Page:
How to nail your next remote interview in 5 minutes or less

Virtual interviewing has become a common but challenging process to navigate for students and young professionals. Our entire education is built around reaching the pivotal in-person interview where you sit in a room with someone who may change your life forever. That physical moment no longer exists.

When I decided to start pursuing a marketing agency job last Winter, every interview was done over the phone or through Zoom. I quickly learned that virtual interviews are a completely different ballgame; your ability to grab attention now depends entirely on how well you can connect through a screen.

I’m not going to tell you to “prep your tech” or “look professional”. Everyone should know that. Instead, I will provide you with a few of the smaller details that can make any candidate command attention and radiate confidence during a virtual interview.

You no longer have the advantage of body posture, eye contact, or hand gestures. If you’re an animated speaker such as myself, this can make virtual interviews difficult.

However, you can still inject an interview with some style by establishing a speaking rhythm. The person interviewing you has probably spoken to dozens of individuals before you and may speak to dozens more after. Everyone is going to be nervous, and this often leads to a lot of “um’s” and quick or awkward speaking patterns.

Focus on taking control of the conversation pace by including thoughtful pauses when answering questions. The ultimate goal is to display a compelling, calm, and confident tone that will remain throughout the entire interview. You want it to feel more like an evaluation of a potential employer than your audition.

In virtual or phone interviews, speaking style is a subtle but crucial way for employers to make instinctive judgments about your personality and fit within their culture.

Quarantine has made living spaces equal parts office, fitness studio, and leisure area. While you may feel that this is a disadvantage when interviewing I think you can leverage it as your “home court”.

I conducted phone interviews in my car, in my old office during lunch, and in my disorganized room — most of them were pretty average. The best interviews I had were done in spaces that I felt comfortable in. This included my living room, home office, and kitchen table. Call it a coincidence, but these locations were also where I had done all of my writing.

It’s important to find a space that is disconnected from the stress or anxieties of your life to solely focus on the task at hand. Instead of sitting at your cluttered desk where you have spent hours applying to jobs and reaching out to recruiters who aren’t responding, try going somewhere that evokes a sense of accomplishment.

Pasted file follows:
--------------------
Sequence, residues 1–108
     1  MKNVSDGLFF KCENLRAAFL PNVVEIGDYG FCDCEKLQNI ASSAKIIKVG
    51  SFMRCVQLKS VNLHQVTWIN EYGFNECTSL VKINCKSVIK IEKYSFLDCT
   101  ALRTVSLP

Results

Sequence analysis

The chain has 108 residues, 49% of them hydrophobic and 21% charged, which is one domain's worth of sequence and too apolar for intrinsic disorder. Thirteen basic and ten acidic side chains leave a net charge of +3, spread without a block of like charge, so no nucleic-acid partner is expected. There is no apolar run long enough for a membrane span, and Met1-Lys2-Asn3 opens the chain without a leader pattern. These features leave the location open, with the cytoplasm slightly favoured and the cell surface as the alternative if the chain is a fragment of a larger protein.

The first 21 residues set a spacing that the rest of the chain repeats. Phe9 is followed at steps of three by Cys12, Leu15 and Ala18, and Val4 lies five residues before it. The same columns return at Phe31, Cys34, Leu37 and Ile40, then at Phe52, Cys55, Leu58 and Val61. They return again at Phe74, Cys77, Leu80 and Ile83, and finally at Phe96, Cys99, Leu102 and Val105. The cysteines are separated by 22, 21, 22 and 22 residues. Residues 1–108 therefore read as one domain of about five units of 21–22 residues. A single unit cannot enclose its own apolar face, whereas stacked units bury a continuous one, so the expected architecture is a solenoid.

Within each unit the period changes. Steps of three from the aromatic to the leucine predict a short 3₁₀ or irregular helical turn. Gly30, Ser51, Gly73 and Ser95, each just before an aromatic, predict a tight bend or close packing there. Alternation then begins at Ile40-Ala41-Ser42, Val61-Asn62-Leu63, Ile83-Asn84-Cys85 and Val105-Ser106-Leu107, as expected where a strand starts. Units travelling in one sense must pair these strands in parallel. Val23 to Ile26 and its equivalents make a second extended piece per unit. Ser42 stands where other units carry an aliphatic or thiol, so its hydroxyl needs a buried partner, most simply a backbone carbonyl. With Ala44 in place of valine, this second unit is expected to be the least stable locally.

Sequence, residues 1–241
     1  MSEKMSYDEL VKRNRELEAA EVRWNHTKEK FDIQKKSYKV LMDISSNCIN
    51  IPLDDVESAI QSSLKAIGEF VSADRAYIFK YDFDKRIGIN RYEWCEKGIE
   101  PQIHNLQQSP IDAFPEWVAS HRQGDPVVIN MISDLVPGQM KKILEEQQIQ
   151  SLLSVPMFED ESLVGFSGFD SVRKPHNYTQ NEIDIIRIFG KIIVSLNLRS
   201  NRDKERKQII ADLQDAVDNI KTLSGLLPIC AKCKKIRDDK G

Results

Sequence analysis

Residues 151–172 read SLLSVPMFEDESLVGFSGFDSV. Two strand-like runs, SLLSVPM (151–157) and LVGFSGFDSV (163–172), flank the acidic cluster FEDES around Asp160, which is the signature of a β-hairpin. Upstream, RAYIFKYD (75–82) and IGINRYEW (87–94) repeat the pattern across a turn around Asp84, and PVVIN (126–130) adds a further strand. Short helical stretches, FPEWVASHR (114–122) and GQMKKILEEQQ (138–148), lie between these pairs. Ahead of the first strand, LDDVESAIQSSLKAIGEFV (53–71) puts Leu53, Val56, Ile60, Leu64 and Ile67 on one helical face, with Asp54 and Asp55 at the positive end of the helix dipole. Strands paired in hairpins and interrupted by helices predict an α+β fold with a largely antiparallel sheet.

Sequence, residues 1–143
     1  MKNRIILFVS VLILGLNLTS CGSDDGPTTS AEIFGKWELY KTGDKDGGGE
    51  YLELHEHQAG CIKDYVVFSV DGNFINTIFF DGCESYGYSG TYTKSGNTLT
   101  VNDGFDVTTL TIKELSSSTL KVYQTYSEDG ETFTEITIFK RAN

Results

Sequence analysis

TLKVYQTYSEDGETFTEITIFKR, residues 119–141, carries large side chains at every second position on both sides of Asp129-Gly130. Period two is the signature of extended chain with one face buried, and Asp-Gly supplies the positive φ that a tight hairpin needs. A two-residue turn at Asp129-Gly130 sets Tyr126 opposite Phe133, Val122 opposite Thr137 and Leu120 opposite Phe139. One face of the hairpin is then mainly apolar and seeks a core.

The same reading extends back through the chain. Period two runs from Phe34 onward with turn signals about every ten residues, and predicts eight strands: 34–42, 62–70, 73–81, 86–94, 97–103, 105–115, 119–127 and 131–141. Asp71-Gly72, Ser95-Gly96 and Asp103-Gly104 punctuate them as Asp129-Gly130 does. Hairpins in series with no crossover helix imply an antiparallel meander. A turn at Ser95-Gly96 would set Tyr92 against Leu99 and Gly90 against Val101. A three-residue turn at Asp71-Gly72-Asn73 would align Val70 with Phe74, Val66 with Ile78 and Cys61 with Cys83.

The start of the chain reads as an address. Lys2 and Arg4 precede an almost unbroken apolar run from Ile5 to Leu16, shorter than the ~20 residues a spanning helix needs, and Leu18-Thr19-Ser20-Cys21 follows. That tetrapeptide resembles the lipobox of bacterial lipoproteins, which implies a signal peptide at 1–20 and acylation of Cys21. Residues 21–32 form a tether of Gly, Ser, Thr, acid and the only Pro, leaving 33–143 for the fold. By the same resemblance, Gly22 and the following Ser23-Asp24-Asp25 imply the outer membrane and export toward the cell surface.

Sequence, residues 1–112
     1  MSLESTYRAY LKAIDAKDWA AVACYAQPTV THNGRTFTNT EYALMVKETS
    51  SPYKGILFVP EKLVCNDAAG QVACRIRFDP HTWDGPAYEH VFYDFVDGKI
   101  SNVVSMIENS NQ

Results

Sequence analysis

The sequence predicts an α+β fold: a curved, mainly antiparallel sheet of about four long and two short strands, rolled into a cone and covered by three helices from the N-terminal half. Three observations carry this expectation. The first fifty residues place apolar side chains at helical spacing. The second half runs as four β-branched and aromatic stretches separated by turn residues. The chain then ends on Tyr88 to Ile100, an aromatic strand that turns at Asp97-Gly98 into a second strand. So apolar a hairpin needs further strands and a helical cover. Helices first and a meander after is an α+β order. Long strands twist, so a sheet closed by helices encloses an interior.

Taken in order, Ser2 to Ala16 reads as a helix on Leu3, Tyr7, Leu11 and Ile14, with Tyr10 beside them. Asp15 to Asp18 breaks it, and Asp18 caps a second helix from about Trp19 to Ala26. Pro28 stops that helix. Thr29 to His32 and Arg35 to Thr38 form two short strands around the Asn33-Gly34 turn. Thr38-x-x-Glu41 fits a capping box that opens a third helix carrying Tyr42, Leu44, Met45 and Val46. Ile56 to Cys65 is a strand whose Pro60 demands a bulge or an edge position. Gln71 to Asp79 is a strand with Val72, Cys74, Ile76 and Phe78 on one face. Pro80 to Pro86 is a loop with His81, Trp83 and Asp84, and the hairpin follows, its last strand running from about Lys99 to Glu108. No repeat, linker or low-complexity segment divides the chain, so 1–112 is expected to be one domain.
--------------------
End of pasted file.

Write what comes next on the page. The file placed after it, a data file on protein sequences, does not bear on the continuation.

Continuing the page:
This was a practice one of my professors once talked about, and it was wildly beneficial for remote interviews.

If you’re a great artist, paint before picking up the phone.

If you’re an athlete, go on a run in the morning.

If you love to write, complete a mindflow session in your journal.

Essentially, you are prepping your mind to be in a state of controlled positive energy. Completing an activity or task that you’re really good at before interviewing will raise self-awareness, relax nerves, and help you develop a confident demeanor. Before completing an interview for the job I eventually accepted, I spent about 45 minutes working on a Medium article instead of anxiously prepping. This put me in the right headspace to articulate my experiences and background through a creative lens.

Trust me, it works.

So, why don’t you tell us a little about yourself and your background.

Que education, list of jobs, and a few tasks for each position.

Guess what? They already know all of that.

Did you do anything to further your position? Probably not.

Honestly, employers are vetting your resume more than usual as they can’t meet you in person. Instead of giving the classic carbon copy answer, discuss a set of skills that will be beneficial to the role. Everyone has a few flashy titles or internships in their back pocket. But how many are willing to talk about the obstacles they have faced or failures they endured?

For example, I could say “In 2019 I was the Content Marketing Supervisor and I helped launch our companies healthcare division through branding, marketing, and communications efforts”.

Or I could say, “As the Content Marketing Supervisor in 2019, I faced the biggest challenge of my career; I was asked to help launch our companies healthcare division in an industry I had never worked in before. This opportunity came with plenty of hard lessons, but it taught me how to work on extremely tight deadlines, conduct in-depth research, and engage with partners and clients.”

Which person would you rather have on your team?

The second answer says nothing about my marketing prowess. It shows that I am willing to take on big tasks under pressure, can learn on the fly, and will work through problems rather than around them.

Just remember, everyone is adjusting to our increasingly virtual world.

Recruiters feel Zoom fatigue just like you.

Managers are worried about their jobs just like you.

To make an impression that lasts, you need to showcase an honest, transparent, authentic personality. Speak in facts, not fiction.

Human beings are attracted to others who exude passion. Prove why you deserve this job more than anyone else by commanding attention with your transparency. The world needs real people now more than ever, and businesses are starting to focus on good corporate citizenship and building a respectable brand from the inside out.

Give them a reason to add you to their culture by being yourself — everyone else is already taken.